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I think a lot of this is perception. Back in the day my idea of lower tier oils would be Sears Spectrum or the stuff Monkey Ward would sell. For our beater that went through oil like a fish it was PureLube which we could buy at the local Food King in gallon jugs for cheap.
Likewise. In the back of my falling-apart Dodge there was always a case of Montgomery Ward 10w40 and a can spout.
 
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Lower tier? Sam's club Prime, autozone STP, oreillys store brand. When you're broke,cheap oil is better than no oil. I typically prefer Castrol GTX Dino but some here consider that to be lower tier oil made by a high tier company
 

bbhero

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I think a lot of this is perception. Back in the day my idea of lower tier oils would be Sears Spectrum or the stuff Monkey Ward would sell. For our beater that went through oil like a fish it was PureLube which we could buy at the local Food King in gallon jugs for cheap.


That's what I am stating...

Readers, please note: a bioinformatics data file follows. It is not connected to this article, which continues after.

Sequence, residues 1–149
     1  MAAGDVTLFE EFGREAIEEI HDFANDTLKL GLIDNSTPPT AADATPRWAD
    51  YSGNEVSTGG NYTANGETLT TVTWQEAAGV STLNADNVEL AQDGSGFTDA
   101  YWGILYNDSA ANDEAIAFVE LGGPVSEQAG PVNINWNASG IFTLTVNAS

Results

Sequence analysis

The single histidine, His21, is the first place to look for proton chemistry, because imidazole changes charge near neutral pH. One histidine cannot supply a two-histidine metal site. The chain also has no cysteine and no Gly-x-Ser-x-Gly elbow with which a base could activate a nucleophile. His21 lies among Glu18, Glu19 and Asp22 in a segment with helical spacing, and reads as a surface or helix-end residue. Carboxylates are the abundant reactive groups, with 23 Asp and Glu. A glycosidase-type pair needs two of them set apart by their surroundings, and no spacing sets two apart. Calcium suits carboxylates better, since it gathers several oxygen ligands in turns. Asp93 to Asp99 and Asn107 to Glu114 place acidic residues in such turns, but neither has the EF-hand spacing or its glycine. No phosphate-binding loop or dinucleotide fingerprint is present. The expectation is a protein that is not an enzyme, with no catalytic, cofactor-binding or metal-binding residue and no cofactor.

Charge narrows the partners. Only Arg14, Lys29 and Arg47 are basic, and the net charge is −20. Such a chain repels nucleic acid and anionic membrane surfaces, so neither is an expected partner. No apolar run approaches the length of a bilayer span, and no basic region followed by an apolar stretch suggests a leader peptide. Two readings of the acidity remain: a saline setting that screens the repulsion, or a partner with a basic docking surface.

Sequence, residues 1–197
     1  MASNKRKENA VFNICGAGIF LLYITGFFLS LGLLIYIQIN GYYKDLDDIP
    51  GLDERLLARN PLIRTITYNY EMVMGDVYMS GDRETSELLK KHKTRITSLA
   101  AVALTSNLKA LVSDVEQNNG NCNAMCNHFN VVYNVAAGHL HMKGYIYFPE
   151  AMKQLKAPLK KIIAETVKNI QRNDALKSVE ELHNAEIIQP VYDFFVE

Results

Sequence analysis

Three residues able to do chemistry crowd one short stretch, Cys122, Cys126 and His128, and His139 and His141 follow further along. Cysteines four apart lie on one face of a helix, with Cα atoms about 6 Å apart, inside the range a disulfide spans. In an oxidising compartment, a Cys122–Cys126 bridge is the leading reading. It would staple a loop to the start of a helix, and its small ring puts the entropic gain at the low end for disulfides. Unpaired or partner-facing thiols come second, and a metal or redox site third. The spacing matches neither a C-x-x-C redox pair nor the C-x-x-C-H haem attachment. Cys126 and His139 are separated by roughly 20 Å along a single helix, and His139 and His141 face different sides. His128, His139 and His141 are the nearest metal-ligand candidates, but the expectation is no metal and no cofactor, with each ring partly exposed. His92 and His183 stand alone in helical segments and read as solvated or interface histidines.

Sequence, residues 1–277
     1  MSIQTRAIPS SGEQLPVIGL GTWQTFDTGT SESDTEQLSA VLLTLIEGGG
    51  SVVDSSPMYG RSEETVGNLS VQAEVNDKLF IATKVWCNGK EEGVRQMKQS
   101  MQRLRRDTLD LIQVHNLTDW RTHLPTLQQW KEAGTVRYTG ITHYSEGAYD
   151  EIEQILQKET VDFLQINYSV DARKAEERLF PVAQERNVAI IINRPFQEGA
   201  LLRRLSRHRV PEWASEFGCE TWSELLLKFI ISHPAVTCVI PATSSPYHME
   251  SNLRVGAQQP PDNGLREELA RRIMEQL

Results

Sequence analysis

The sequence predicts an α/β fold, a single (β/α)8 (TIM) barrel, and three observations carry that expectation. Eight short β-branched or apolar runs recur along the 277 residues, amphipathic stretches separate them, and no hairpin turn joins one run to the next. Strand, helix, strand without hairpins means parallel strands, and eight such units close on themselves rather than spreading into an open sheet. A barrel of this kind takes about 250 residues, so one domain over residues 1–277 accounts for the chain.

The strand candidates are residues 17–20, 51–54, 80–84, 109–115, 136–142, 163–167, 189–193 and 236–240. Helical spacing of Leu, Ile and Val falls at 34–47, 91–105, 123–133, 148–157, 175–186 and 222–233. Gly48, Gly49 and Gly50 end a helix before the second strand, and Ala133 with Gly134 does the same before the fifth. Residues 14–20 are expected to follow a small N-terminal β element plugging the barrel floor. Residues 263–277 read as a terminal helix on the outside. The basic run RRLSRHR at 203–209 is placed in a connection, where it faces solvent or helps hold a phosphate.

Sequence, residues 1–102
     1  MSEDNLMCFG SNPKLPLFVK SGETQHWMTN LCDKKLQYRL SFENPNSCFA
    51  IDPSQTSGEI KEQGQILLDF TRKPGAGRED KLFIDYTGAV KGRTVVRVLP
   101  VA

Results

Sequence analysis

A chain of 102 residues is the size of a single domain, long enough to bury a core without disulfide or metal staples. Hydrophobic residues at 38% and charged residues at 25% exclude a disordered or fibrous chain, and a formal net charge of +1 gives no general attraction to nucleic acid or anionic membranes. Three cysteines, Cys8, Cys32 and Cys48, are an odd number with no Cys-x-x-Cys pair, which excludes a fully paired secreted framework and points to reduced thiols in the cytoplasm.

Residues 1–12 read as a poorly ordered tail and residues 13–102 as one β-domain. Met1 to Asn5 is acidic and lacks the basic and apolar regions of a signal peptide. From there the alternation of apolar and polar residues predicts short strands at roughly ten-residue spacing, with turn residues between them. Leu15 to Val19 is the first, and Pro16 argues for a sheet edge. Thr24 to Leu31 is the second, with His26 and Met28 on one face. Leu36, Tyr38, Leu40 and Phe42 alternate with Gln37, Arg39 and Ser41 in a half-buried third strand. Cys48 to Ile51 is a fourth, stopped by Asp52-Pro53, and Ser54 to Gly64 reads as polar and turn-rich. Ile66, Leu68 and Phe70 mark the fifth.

It is " perception "....

Doesn't mean it is true or accurate.

A oil that is API approved and Dexos approved is extremely likely to be a good oil.
 

bbhero

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Lower tier? Sam's club Prime, autozone STP, oreillys store brand. When you're broke,cheap oil is better than no oil. I typically prefer Castrol GTX Dino but some here consider that to be lower tier oil made by a high tier company


This is a very good post. .

And Castrol themselves clearly say that other oils in their lineup " out perform" Castrol Ultraclean...

Castrol EP = top top tier

Castrol Black Edge = top tier

Castrol GTX full synthetic = mid tier

Castrol Ultraclean = low tier
 
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This is a very good post. .

And Castrol themselves clearly say that other oils in their lineup " out perform" Castrol Ultraclean...

Castrol EP = top top tier

Castrol Black Edge = top tier

Castrol GTX full synthetic = mid tier

Castrol Ultraclean = low tier
Where does Castrol GTX Magnatec fall into that list?

I'd expect the full synthetics to outperform the Ultraclean synthetic blend, wouldn't you? I think Castrol is stating the obvious.
 

bbhero

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Where does Castrol GTX Magnatec fall into that list?

I'd expect the full synthetics to outperform the Ultraclean synthetic blend, wouldn't you? I think Castrol is stating the obvious.




Castrol GTX full synthetic is mid tier just above Castrol Ultraclean. Which I had in that previous post.